9. I think I've made quite a few mistakes along the way. I think I over used certain command words, and tied a reaction to certain words like "ok". These have been hard things to overcome. I decided around 15 weeks to just play with her and stop doing any structured training. It was my hope that she'd start to associate playing with training and vis versa. This worked to an extent, but she learned the difference really quick. I've been thinking a lot the past few days that even thought I've never been abusive or hurt the pup in any way, I've been too emotionally reactive with her. It comes from my inexperience in training and not knowing exactly what to do in certain instances. I'm regretting the way I reacted when she got into a scuffle with my sister's dog. I misread what was happening and reacted loudly. I think that only makes things worse. I would like to think that being as intelligent as BCs are that they would be MORE accommodating to dummy trainers than they are. =)
  10. This is great alligande! I'd love to share the sentiment, but it doesn't feel the same around here. I need to change up my perspective a little, but it's been a constant process to get the pup to work with me.
  11. You are right, GentleLake, I have been lax on certain commands. The recall issue is a really hard one. She's already learned that "come" isn't a super important command. I'm beginning to slowly apply a whistle command to times when I know she'll come to me, so that seems to be helping outdoors, but I'm certainly not going to whistle loud inside. Anyway, she's outstanding a blowing me off, which ups my frustrations, but I hear what you are saying about labeling or coloring behaviors. I'll work to view them more objectively and figure ways to change them. I thought a lot yesterday about the notion of a dog "respecting" an owner and what exactly that means and how you earn that respect. I don't feel like my dog really "respects" me, but then I'm struggling to figure out what that means. Training is a challenging process!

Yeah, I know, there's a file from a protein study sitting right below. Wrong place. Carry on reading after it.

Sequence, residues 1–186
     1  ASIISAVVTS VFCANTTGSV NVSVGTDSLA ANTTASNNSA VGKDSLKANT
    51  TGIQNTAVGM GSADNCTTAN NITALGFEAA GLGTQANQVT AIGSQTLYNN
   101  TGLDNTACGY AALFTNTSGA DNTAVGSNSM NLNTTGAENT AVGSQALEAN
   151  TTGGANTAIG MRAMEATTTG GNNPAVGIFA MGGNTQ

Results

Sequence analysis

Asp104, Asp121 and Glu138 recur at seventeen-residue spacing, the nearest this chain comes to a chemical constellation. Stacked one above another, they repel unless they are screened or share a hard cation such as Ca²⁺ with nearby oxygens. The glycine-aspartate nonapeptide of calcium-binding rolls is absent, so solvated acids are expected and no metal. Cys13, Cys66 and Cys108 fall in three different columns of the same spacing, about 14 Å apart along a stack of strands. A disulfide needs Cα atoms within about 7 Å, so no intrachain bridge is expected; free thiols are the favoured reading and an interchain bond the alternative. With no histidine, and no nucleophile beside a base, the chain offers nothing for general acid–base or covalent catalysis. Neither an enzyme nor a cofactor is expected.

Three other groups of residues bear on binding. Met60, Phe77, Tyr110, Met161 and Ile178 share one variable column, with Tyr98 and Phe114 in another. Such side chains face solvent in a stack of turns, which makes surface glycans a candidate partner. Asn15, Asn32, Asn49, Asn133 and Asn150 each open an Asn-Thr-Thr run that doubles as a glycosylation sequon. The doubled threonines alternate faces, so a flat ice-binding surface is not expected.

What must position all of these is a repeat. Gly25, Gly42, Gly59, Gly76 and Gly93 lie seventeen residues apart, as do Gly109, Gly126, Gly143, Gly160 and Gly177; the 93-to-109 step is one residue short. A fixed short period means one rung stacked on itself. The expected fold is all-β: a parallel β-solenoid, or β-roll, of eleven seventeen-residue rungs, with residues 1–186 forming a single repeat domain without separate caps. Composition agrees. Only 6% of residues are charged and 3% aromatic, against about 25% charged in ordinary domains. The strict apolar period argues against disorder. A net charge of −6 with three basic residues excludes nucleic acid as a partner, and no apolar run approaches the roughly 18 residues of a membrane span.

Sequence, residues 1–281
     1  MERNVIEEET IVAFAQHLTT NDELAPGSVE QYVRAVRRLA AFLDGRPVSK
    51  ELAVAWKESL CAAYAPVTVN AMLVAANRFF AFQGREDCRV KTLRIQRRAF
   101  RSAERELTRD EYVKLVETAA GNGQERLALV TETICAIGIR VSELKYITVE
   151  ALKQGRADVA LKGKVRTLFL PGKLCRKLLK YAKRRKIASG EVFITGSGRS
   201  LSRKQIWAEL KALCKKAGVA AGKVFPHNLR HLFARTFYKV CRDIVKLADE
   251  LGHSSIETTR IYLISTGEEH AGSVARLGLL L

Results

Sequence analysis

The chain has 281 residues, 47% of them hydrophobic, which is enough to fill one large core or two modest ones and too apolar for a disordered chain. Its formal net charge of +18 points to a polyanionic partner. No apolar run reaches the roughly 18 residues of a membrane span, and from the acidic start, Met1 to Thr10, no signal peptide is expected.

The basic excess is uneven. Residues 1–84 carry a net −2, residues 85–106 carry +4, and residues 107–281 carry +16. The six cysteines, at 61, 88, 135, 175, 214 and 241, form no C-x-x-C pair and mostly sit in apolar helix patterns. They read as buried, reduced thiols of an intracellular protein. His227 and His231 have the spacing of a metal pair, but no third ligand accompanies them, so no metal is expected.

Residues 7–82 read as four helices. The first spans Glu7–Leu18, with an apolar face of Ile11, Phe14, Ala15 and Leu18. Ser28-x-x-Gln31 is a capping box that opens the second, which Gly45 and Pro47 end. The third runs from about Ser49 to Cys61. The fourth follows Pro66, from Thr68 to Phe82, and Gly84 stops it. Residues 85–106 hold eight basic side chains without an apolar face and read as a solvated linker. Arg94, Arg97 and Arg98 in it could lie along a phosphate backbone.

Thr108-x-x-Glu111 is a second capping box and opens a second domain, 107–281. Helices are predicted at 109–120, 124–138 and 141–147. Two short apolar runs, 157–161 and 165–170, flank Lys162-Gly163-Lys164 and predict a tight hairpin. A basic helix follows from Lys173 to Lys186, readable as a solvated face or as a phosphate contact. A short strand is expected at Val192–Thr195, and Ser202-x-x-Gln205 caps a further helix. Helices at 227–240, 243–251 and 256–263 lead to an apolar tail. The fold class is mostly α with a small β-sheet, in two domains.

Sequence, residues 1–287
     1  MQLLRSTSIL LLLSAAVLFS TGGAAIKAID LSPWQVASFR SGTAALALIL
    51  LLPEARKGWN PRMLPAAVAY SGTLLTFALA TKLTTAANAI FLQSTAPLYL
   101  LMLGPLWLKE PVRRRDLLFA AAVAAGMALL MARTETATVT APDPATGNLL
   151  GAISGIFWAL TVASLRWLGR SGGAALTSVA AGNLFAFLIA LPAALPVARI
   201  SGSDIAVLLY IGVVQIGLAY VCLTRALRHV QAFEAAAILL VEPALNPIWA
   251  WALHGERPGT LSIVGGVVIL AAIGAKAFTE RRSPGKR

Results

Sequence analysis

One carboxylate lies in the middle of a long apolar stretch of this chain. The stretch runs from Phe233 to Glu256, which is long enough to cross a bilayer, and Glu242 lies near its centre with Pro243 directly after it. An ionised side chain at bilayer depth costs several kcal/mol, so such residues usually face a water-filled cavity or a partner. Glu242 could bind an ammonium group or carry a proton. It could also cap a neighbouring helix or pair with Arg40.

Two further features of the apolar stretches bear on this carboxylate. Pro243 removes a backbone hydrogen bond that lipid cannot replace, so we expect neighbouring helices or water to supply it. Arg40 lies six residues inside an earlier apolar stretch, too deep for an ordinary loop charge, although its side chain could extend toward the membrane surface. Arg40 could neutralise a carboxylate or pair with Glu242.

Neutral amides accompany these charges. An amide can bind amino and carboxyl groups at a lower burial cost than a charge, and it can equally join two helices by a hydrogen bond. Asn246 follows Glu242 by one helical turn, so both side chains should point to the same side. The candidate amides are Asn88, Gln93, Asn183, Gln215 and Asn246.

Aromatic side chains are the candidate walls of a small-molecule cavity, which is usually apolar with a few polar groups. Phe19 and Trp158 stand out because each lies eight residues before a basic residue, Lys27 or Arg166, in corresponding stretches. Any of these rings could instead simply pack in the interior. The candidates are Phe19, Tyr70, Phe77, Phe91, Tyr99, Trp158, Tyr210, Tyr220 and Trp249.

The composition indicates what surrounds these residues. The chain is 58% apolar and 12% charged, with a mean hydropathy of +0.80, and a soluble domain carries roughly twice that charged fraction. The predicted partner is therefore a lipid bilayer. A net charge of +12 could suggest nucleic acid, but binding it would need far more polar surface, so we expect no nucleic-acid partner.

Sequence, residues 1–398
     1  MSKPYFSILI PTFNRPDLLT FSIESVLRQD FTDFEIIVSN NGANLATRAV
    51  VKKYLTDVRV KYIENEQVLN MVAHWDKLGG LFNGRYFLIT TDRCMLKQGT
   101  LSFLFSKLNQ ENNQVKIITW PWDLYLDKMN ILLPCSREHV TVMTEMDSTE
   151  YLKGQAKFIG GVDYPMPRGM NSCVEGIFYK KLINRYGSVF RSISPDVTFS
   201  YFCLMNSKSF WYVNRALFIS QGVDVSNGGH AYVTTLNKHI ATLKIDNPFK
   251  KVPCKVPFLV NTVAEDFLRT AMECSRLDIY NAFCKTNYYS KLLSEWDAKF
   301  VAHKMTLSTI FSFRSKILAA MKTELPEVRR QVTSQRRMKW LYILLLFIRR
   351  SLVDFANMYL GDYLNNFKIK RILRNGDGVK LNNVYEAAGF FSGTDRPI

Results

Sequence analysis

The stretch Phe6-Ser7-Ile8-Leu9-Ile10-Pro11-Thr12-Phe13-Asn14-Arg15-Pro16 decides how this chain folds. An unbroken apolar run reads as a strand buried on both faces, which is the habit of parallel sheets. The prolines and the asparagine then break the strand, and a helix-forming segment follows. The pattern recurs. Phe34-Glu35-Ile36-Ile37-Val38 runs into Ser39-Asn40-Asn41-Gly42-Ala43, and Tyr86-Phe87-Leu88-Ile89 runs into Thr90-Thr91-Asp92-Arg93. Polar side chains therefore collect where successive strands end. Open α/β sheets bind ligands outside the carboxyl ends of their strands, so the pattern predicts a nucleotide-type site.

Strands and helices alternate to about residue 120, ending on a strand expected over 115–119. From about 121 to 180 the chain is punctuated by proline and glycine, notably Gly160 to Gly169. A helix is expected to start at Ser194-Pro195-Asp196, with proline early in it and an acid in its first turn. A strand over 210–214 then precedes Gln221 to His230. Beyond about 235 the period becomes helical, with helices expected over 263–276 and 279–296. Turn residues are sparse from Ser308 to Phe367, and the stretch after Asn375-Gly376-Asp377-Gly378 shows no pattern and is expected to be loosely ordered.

12. This is great, I appreciate everyone's perspective. I agree about the defiance vs. over-threshold perspective too. I think the defiance idea came out of my own frustration with the situation. I forgot to see it from her perspective. It takes a lot of work to stay in that head space. One problem I see is that the words I always used to verbally praise her "Yes!" or "Good dog!" are now very arousing to her. In instances where she might turn from the cat and come to me, often if I enthusiastically reinforce that with a "Good!" she will excitedly zip back to the behavior, if that makes sense. For example, when I use verbal reinforcement on walks, saying "good girl!" when she falls into a nice walking position simply forces her to zip forward (makes me crazy!). The clicker is still the only thing that doesn't arouse her, but juggling a leash, treats and a clicker is a pain on walks. Anyway, what frustrates me is that verbal commands seem to signal to her to run back to whatever she was doing a lot of the time rather than pay more attention to me. This is frustrating because I spent months simply conditioning the positive verbal commands with treats before applying them to many activities. Bah! So, what I need is a way to calmly reinforce her in a way that says "good girl, you are doing what you should, keep it up..."